By PHILIP OCHIENG
Posted Friday, June 14 2013 at 18:20
I read The Beautyful Ones Are Not Yet Born, a fictional title by the Ghanaian novelist Ayi Kweyi Arma, decades ago. But a small fact remains in my head about that title. The adjective “beautyful” is spelt with a “y”, not with an “i”.
I cannot remember why. But I know this: It is not for nothing that a creative writer may make such a remarkable break with customary use. The bet, then, is that, through it, Arma is trying to make a point.
Another memorable example is found in the work of another West African novelist. The noun “drinkard” in Amos Tutuola’s title Palm Wine Drinkard does not exist in ordinary English. But Palm Wine Drinkard is not written in ordinary English.
Tutuola often coins his own words, and with the ease of Lewis Carroll in the poem “Jabberwocky” (in Alice Through The Looking-glass).
Nigerian mother tongue
And Tutuola breaks English grammar with the joyful abandon and scornful laughter of Okot p’Bitek in full flight in the telling of an Acholi oral tale. But, in this way, Tutuola brings his whole literary scheme into line with his Nigerian mother tongue and culture.
What would have happened if a know-it-all editor had changed drinkard to “drunkard” or simply “drinker” (the former being one of the ordinary English words for a sot, a habitually drunken person)?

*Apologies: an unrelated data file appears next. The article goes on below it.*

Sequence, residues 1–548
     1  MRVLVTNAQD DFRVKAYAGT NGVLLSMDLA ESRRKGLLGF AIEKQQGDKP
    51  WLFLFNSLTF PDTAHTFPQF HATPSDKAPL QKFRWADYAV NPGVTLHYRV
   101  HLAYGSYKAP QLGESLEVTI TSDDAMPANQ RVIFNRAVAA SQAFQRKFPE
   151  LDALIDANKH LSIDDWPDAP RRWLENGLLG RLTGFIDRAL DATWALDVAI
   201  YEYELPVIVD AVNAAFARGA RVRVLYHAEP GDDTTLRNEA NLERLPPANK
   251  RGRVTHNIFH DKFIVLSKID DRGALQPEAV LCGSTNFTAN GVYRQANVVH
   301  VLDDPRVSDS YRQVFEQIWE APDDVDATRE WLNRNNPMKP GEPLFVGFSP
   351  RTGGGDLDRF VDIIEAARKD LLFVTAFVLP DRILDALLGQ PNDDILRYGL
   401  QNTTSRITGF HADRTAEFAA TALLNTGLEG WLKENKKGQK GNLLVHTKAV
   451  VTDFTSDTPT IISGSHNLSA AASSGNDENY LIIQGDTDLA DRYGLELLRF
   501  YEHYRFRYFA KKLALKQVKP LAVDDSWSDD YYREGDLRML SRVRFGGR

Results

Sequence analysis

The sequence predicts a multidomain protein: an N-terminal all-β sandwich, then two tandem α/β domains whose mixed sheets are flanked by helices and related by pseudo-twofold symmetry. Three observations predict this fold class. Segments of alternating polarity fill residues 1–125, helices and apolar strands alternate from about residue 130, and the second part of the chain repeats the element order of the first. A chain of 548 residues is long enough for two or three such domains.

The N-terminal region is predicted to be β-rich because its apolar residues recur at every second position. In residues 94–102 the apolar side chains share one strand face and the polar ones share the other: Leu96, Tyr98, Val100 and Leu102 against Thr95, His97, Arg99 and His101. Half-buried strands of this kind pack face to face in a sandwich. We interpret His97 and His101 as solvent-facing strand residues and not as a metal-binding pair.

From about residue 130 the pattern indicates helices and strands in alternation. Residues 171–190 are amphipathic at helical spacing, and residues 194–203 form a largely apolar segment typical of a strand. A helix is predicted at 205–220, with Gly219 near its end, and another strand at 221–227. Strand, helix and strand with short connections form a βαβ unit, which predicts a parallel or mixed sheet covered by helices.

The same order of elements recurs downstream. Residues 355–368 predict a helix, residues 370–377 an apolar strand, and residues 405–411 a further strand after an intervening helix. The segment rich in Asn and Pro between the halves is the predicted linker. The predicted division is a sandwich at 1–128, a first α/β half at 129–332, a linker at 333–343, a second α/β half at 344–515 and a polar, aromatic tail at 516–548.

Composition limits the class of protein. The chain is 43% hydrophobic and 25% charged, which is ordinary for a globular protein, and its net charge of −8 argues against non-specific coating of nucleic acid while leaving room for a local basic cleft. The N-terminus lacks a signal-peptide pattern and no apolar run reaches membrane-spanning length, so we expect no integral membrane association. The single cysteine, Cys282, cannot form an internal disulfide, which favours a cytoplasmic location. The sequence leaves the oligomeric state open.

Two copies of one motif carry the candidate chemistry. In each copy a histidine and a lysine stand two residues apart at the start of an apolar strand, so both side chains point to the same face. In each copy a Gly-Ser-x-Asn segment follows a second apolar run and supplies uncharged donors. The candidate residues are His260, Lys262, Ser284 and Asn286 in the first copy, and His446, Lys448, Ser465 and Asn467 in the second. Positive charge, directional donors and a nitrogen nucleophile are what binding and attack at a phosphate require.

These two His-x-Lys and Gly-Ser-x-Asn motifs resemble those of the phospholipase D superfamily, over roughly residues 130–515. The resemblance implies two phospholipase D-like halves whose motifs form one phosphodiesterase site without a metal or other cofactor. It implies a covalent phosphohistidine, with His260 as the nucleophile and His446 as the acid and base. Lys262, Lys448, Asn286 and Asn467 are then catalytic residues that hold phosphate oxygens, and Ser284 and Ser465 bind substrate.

In particular, if — in his self-righteous ignorance — the editor had “corrected” the narration from the continuous to the simple past tense, he would have ruined Tutuola’s whole ethico-intellectual project.
To be sure, the ilk of Tutuola’s hero daily consume a great deal of palm wine. On occasion, we even see them staggering. Yet the image that emerges from Tutuola’s drinkards — and it is never anything else but palm wine — is not that of alcoholics.
What Jennifer Kimani of Kenya’s Nacada condemns as “drug and substance abuse” is not the target of Tutuola’s literary salvo. Palm wine drinkards are what you might call “cultural drinkers”.
For their drinking is always deeply intertwined with the ethnic community’s daily work rhythm. It is the ritual unction and magic with which collective work is inspirited and collective living is cemented and celebrated.
It is certain — I reiterate — that, by coining the adjective “beautyful” for his title, Armah is sending across a certain social or moral or intellectual message. That is why it was disgusting that, in an article in last Saturday’s Standard, the writer — or was it perhaps the sub-editor? — “corrected” beautyful to beautiful in all his mentions of Armah’s title.
But, if “beauty” — from the French adjective beau and noun beaute — refers to a combination of qualities that delight the senses and the mind, what combination would say is full of beauty about any African state since independence?
Perhaps the answer to Armah is that, in UhuRuto, the beautyful ones have just been born in Kenya. But, despite brilliant signs, that remains to be seen.